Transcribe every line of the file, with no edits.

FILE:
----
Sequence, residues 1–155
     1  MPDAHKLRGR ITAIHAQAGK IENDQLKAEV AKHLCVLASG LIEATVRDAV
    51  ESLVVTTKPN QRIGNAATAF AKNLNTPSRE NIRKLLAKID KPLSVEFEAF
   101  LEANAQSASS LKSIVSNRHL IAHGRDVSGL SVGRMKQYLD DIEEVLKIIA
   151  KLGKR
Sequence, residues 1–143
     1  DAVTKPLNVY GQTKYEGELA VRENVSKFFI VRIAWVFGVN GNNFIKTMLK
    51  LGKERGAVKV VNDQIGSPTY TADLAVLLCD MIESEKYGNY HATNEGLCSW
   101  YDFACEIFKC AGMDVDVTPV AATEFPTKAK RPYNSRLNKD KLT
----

Sequence, residues 1–155
     1  MPDAHKLRGR ITAIHAQAGK IENDQLKAEV AKHLCVLASG LIEATVRDAV
    51  ESLVVTTKPN QRIGNAATAF AKNLNTPSRE NIRKLLAKID KPLSVEFEAF
   101  LEANAQSASS LKSIVSNRHL IAHGRDVSGL SVGRMKQYLD DIEEVLKIIA
   151  KLGKR
Sequence, residues 1–143
     1  DAVTKPLNVY GQTKYEGELA VRENVSKFFI VRIAWVFGVN GNNFIKTMLK
    51  LGKERGAVKV VNDQIGSPTY TADLAVLLCD MIESEKYGNY HATNEGLCSW
   101  YDFACEIFKC AGMDVDVTPV AATEFPTKAK RPYNSRLNKD KLT